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The Decline and Fall of the Icelandic Republic**

by Norwegian Chef Sat Jun 10th, 2006 at 03:39:02 AM EST

While quiet, little Iceland is normally not a major newsmaker, this has been a very bad few weeks in the nation's history.

The Prime Minister Halldór Ásgrímsson resigned only 2 years into his term plunging Iceland and his ruling Progressive Party into a major political crisis.  The Foreign Minister Geir Haarde of the Eurosceptic Independence Party has had to step in as Caretaker Prime Minister.

**From the front page - whataboutbob


It all started in May with the release of the increasingly bad inflation figure of 7.6% that had been building up over the last year.  This in turn led to a rise in interest rates by three-quarters of a point to 12.25 per cent. This in turn prompted Standard and Poor's to revise their assessment of Iceland's economic situation to negative.  On the basis of this  Ásgrímsson's Progressive Party, one of the partners in Iceland's coalition government, did poorly in Reykjavik's municipal elections on May 27, winning only one seat.  Another complicating factor was Asgrimsson and his Progressive Party's increasing support for Iceland to join the EU.  This has proven to be widely unpopular in both rural areas and also surprisingly in the capital Reykjavik.

This bad election result was the last straw that resulted in Ásgrímsson's resignation.  This whole mess in turn has led to a 2% overall fall of the value of the krona (30% fall against the Euro) and an 18% decline in the stock market.  Now the coalition of the pro-European Progressives and Eurosceptic Independents are desperately trying to gain the upper hand in the situation.  However, there seems to be an internal struggle in the Progressive Party between  current vice-chairman, Gudni Ágústsson and former vice-chairman Finnur Ingólfsson.

A good economic assessment from MSNBC can be found here.

Anyway the stage is now set for a midsummer full of unusually high political and economic intrigue for normally calm and placid Iceland.  For example, the tenure of the previous Prime Minister David Oddsson lasted for 13 years making him then Europe's longest-serving prime minister.  

Let us hope that our good friends in Iceland pull out of their tailspin.  For I would hazard to guess that the collapse of a leading indicator of tranquility as Iceland, would unfortunately confirm what so many of us have been feeling in the last few years--that the world is certainly doomed!

Oh well, as they say in Reykjavik, "In Cod We Trust".

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I had heard about this the other day, so appreciate your posting more details on this story...thanks!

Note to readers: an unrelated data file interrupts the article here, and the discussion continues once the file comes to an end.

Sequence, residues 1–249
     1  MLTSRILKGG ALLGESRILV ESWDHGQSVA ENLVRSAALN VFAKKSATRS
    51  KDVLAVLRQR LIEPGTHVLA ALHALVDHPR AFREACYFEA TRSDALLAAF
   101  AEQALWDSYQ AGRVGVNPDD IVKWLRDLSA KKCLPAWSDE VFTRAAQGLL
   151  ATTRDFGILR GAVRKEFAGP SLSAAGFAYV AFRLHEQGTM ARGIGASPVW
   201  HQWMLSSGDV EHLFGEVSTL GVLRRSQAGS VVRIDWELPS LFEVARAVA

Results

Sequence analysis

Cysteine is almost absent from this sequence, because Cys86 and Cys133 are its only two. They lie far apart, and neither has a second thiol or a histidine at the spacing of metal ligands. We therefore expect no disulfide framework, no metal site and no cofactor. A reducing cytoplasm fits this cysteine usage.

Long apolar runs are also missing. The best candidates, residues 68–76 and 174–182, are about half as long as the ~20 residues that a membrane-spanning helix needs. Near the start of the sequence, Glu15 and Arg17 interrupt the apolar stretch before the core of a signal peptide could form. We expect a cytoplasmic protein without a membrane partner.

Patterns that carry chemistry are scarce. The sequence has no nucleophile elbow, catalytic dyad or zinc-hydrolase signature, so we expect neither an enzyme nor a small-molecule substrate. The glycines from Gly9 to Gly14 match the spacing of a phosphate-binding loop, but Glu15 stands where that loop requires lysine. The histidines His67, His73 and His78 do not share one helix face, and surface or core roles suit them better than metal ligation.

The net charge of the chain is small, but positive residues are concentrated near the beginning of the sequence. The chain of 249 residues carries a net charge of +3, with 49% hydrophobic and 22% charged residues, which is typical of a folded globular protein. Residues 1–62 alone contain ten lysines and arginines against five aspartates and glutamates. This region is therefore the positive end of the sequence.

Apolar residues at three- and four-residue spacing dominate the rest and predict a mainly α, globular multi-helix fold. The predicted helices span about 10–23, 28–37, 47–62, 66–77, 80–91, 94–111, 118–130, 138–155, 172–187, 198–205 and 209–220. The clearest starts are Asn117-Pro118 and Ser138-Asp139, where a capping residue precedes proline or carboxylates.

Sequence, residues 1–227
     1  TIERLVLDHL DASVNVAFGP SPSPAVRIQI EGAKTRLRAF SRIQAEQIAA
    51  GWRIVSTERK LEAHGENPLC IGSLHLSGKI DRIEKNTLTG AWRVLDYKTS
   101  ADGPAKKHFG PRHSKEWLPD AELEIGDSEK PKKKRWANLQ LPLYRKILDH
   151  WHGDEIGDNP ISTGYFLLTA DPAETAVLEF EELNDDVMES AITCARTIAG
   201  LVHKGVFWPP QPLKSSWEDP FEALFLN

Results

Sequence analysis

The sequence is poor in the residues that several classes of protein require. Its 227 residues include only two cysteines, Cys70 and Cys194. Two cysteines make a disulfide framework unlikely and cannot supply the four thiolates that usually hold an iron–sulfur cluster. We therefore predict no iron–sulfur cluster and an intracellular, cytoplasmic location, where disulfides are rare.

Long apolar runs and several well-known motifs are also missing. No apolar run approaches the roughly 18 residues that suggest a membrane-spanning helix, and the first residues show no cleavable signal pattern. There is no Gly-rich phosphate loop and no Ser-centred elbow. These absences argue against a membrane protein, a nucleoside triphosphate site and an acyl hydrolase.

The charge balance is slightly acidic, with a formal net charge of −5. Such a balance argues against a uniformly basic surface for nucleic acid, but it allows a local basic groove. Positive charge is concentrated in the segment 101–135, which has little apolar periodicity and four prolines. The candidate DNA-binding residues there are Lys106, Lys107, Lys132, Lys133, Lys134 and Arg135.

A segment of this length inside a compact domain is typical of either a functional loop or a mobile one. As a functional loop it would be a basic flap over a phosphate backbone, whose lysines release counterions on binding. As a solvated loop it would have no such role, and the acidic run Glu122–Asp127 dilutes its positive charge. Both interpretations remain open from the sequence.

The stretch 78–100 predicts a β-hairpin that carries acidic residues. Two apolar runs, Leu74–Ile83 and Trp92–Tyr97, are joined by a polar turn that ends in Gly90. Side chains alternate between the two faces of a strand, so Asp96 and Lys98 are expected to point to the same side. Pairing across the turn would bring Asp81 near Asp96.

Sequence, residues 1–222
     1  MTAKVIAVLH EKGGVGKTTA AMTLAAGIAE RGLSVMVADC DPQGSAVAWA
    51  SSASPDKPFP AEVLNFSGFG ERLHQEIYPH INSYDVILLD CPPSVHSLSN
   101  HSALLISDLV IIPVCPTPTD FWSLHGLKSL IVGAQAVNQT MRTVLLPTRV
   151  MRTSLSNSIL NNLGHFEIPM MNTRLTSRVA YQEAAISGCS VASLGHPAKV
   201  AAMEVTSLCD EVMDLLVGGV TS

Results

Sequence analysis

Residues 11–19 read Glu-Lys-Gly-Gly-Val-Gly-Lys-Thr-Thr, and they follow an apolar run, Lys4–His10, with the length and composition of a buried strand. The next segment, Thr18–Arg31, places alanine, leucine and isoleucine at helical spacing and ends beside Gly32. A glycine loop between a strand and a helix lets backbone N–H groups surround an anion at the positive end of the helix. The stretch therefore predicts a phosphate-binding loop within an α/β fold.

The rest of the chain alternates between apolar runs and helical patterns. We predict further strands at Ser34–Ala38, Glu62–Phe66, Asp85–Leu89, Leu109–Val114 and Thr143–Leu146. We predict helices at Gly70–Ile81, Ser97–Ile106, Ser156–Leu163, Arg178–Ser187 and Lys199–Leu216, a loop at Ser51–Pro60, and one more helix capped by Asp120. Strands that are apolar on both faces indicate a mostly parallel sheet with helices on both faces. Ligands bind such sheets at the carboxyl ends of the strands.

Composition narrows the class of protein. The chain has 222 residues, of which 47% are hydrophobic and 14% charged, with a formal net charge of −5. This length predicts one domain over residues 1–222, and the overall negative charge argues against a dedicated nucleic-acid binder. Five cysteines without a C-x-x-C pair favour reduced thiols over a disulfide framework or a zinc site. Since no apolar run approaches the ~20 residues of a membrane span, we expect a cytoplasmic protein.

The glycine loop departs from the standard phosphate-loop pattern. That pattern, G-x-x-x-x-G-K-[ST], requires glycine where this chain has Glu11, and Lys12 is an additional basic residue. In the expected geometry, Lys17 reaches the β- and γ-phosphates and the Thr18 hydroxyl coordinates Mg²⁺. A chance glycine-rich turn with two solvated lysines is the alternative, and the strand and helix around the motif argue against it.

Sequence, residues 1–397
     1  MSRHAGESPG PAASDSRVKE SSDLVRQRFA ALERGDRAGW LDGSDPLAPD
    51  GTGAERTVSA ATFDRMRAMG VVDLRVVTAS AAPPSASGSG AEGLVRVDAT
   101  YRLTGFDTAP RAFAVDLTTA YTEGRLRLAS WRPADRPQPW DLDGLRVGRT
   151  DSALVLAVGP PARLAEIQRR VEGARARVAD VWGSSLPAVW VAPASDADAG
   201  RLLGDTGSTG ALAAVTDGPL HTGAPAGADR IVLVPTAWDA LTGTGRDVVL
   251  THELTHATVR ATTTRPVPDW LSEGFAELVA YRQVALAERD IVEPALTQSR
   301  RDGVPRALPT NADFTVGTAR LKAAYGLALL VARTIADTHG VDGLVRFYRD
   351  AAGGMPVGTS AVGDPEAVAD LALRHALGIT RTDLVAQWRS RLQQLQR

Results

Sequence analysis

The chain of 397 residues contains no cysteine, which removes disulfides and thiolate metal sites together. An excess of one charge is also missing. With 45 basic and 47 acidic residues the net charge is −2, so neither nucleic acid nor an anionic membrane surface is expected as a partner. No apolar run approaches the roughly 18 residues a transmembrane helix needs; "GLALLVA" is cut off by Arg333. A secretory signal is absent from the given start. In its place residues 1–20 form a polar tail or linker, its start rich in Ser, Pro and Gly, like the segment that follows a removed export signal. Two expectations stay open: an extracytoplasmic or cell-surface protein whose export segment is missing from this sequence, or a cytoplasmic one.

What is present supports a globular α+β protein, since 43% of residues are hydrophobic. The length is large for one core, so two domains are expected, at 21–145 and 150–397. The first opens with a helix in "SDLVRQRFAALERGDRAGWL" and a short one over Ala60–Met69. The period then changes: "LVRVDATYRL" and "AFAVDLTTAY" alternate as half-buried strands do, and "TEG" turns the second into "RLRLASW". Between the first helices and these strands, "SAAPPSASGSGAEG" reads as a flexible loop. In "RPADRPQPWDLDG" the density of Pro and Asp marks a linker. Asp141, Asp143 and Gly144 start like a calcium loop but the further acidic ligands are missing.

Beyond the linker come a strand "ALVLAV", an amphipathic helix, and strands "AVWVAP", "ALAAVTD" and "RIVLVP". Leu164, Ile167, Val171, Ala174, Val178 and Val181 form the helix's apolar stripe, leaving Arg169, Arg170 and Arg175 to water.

"Once in awhile we get shown the light, in the strangest of places, if we look at it right" - Hunter/Garcia
by whataboutbob on Wed Jun 7th, 2006 at 08:03:30 AM EST
Could you briefly sum up Iceland's political parties (including those in opposition), describing their ideological outlook?

*Lunatic*, n.
One whose delusions are out of fashion.
by DoDo on Wed Jun 7th, 2006 at 08:15:00 AM EST
The best information on Iceland's political parties can be found on Wikipedia here .

I like the silence of a church, before the service begins better than any preaching. ~Ralph Waldo Emerson
by Norwegian Chef (hephaestion@surfbirder.com) on Wed Jun 7th, 2006 at 08:30:14 AM EST
[ Parent ]
Yes, but it's not short... and I don't know the relative wheights of the parties in government and opposition (in polls now).

*Lunatic*, n.
One whose delusions are out of fashion.
by DoDo on Wed Jun 7th, 2006 at 09:01:51 AM EST
[ Parent ]
Parties currently represented in Althing

Coalition parties

Progressive Party (Framsóknarflokkurinn), leaderless, 12 seats

Independence Party (Sjálfstæðisflokkurinn), led by Care Taker Prime Minister Geir Haarde, 22 Seats

Total 34 Seats

Opposition parties

Alliance (Samfylkingin), led by Ingibjörg Sólrún Gísladóttir, 20 seats

Left-Green Movement (Vinstrihreyfingin - grænt framboð), led by Steingrímur J. Sigfússon,  5 seats

Liberal Party (Frjálslyndi flokkurinn), led by Guðjón A. Kristjánsson, 4 seats

Total 29 Seats

I like the silence of a church, before the service begins better than any preaching. ~Ralph Waldo Emerson

by Norwegian Chef (hephaestion@surfbirder.com) on Wed Jun 7th, 2006 at 09:13:37 AM EST
[ Parent ]
What I gather: the Progressives (20 seats) are liberals with agrarian roots, the Independence Party (22 seats) is conservative-liberal, and strangely pro-NATO but anti-EU. No info on the economic outlook of either.

In opposition are the Liberal Party (4 seats), which strangely enough broke off the Independence Party and is said to be social-liberal; the Alliance (12 seats), who are Social Democrats with a Bliarite platform, but no word in Wiki about position on the EU; and the Left-Green Movement (5 seats), which contains anti-Bliarite breakaways of the former, and is Eurosceptic like much of the Scandinavian hard left.

*Lunatic*, n.
One whose delusions are out of fashion.

by DoDo on Wed Jun 7th, 2006 at 09:10:11 AM EST